how the digital age has transformed the way we read – The Oxford Student

Image Description: A Kindle on a Regular Book

I’m not old enough to pull all of the “back to my day, I read by candle light”, and I certainly can’t relate to the younger generation of readers who grew up reading in the dark. That last item, I don’t mean figuratively: Kindles, iPads, and other self-lit electronics have made it possible for us to continue reading after the main lights are out. To take this a step further, audiobooks mean that we can literally “read” with our eyes closed.

However, e-books have transformed our lives in more ways than just invalidating bedside lamps. Now we can carry a whole library in our jeans pocket and the complete works of Charles Dickens can be at your fingertips, just by pressing ‘download’. All of this from your living room.

I have to admit it was a blessing during the first few weeks of St. Michael’s Day. As a cooler, studying in the Bodleian library was a terrifying prospect, not to mention the faculty library … much safer staying in my comfortable top-floor room, with the kettle handy (although it was potentially more dangerous, as my friends will testify) and my entire playlist on SOLO – all without the intimidating sound of a relentless typing.

Mention JSTOR to any humanities student and the answer you get is likely to be close to that of a fan asked about their favorite celebrity. I have yet to meet an English student who has not written an entire essay using last minute JSTOR articles – to say we “love it” is not an exaggeration given that it is a lifeline. rescue for most of us.

What’s not to love about online articles?

What’s not to love about online articles? There is no denying that an F control search is much faster than using an index to find a keyword or passage, and this can be easily copied into notes or an essay for direct reference. Scrolling, more than skimming, saves precious time which (when your to-do list is double-sided) can make the difference between six or eight hours of sleep.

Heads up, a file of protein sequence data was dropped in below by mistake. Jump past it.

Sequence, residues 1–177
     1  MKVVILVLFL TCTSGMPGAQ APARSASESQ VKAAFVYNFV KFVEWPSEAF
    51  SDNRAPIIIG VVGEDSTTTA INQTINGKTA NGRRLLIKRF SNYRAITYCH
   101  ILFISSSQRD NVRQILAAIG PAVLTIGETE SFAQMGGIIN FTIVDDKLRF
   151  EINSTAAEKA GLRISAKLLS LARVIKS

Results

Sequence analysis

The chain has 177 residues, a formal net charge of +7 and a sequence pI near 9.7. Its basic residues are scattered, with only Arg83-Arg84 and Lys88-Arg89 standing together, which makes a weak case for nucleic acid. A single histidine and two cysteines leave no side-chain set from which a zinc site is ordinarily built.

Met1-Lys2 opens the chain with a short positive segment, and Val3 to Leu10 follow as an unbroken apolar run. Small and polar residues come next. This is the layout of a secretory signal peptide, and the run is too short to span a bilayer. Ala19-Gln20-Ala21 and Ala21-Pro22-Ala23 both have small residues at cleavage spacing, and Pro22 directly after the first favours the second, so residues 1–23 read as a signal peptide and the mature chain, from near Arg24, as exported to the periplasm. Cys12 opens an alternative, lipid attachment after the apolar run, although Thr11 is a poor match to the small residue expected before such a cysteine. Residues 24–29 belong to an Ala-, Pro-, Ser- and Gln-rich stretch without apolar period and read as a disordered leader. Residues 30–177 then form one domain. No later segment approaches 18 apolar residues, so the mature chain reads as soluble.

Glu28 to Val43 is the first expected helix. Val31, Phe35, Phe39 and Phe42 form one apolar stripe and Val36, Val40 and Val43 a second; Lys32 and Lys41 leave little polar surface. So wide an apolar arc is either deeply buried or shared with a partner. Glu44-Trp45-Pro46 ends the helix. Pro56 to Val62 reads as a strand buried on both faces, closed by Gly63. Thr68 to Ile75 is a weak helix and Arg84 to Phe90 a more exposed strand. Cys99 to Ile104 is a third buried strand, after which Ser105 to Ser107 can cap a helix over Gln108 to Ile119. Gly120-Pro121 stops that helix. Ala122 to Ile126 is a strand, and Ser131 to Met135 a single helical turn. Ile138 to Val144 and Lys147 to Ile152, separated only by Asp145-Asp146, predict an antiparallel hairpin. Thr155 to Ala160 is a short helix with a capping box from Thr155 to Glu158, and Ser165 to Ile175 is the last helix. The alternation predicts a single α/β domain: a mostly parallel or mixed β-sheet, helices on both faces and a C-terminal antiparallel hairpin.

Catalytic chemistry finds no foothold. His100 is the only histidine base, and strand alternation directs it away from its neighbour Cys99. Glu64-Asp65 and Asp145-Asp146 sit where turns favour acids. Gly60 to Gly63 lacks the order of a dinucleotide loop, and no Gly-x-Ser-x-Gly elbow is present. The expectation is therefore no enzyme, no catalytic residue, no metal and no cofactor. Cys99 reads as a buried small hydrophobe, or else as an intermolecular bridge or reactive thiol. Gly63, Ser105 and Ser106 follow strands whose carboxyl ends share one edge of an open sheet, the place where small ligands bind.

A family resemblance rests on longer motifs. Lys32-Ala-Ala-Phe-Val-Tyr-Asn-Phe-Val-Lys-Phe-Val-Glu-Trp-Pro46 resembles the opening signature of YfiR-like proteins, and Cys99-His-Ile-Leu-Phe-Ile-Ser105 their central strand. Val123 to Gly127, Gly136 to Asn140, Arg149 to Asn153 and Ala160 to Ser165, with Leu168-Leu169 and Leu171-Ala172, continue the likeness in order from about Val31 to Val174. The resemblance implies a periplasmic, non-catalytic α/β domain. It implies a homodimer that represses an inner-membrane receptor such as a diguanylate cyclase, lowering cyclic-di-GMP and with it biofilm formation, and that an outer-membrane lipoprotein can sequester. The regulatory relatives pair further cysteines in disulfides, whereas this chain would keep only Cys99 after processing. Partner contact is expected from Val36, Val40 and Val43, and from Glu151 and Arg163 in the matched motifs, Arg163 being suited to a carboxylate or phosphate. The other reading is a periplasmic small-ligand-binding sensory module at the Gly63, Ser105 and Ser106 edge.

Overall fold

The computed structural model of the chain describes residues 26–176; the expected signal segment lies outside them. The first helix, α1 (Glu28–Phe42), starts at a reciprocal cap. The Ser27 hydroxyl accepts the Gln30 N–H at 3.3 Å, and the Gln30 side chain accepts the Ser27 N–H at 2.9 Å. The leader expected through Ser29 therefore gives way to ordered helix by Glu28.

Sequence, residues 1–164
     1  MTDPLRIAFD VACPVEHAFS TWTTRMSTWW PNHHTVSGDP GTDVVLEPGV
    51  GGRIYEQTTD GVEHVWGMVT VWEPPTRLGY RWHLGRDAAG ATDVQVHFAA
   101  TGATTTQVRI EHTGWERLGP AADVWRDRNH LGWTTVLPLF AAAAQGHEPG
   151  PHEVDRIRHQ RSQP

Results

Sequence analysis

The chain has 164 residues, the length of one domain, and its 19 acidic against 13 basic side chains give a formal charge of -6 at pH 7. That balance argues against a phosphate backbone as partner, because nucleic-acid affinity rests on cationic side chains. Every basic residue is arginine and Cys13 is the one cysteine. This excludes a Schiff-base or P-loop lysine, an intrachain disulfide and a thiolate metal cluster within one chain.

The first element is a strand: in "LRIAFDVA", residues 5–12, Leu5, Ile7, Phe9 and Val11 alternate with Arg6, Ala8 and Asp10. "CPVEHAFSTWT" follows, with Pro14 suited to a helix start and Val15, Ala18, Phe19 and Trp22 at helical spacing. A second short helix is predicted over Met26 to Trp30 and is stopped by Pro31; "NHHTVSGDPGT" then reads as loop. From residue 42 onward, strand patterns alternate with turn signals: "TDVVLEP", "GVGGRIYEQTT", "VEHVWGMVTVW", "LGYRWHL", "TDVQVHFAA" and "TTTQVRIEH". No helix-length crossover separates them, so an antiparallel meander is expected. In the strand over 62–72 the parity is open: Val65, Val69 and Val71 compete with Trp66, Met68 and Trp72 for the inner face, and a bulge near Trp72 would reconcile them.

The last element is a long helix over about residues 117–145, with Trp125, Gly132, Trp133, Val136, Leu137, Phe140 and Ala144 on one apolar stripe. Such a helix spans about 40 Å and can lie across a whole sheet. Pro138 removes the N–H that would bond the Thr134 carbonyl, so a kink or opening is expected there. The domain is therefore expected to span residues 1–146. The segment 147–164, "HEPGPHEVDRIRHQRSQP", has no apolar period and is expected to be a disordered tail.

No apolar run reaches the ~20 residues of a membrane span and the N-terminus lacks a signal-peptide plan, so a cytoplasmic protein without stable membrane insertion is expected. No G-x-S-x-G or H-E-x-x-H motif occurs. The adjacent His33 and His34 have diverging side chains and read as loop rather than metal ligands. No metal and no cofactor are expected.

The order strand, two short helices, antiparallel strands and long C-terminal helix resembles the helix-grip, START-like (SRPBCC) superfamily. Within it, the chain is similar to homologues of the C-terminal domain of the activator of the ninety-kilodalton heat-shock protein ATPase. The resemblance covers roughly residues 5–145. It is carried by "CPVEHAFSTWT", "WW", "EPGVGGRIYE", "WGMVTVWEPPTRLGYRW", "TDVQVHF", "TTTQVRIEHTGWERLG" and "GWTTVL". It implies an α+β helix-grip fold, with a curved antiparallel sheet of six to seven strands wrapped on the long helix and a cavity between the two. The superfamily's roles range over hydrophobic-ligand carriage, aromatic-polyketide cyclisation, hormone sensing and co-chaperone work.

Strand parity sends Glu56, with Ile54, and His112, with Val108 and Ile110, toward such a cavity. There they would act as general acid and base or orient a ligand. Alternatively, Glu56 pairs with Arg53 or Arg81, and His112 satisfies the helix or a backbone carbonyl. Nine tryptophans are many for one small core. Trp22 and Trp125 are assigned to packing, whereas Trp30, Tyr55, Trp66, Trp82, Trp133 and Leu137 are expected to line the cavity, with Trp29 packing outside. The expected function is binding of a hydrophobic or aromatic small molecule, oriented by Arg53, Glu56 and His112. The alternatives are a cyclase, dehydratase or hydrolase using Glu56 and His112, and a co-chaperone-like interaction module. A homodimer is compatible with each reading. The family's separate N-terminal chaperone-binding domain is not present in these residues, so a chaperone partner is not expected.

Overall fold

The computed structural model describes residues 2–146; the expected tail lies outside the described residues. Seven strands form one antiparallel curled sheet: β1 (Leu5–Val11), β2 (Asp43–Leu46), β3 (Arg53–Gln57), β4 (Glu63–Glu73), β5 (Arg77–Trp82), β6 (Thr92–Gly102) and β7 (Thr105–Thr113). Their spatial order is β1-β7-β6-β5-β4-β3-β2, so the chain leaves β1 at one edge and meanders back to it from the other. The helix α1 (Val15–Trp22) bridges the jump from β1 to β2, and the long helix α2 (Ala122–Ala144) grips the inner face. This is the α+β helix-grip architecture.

But – and it’s a big but – there’s something magical about a physical book

But – and it’s a big but – there is something magical about a physical book. Friends with hay fever wouldn’t agree, but I love the musty smell of old books. It’s as if the words inside had more power in their antiquity, like preserved relics from a bygone age. I love the texture of the paper between the fingers and the sound they make when rotated against a flat, still computer screen. I even like to read pencil scribbles in the margins or between the lines, testimonials from previous readers and thoughts they left behind – although more often than not this is an argument about the morality of writing. in a book.

Now we can carry a whole library in our jeans pocket

The online consensus on this ebook / print divide seems mixed, with some complaining of eye strain from reading a screen, and others claiming that their eyes benefit from the ability to enlarge the font size. . I did, however, come across a interesting diary from San Jose State University studying brain activity and reading behavior with electronic texts. He found that digital documents prompt us to read in a “non-linear” pattern where our eyes scan the entire web page, searching for keywords rather than deep reading. The kind of immersive slow reading needed to tackle Odysseus or a 2kg biology textbook is replaced by rapid information processing. According to their results, we have less focus and sustained attention when reading online – but that shouldn’t surprise us.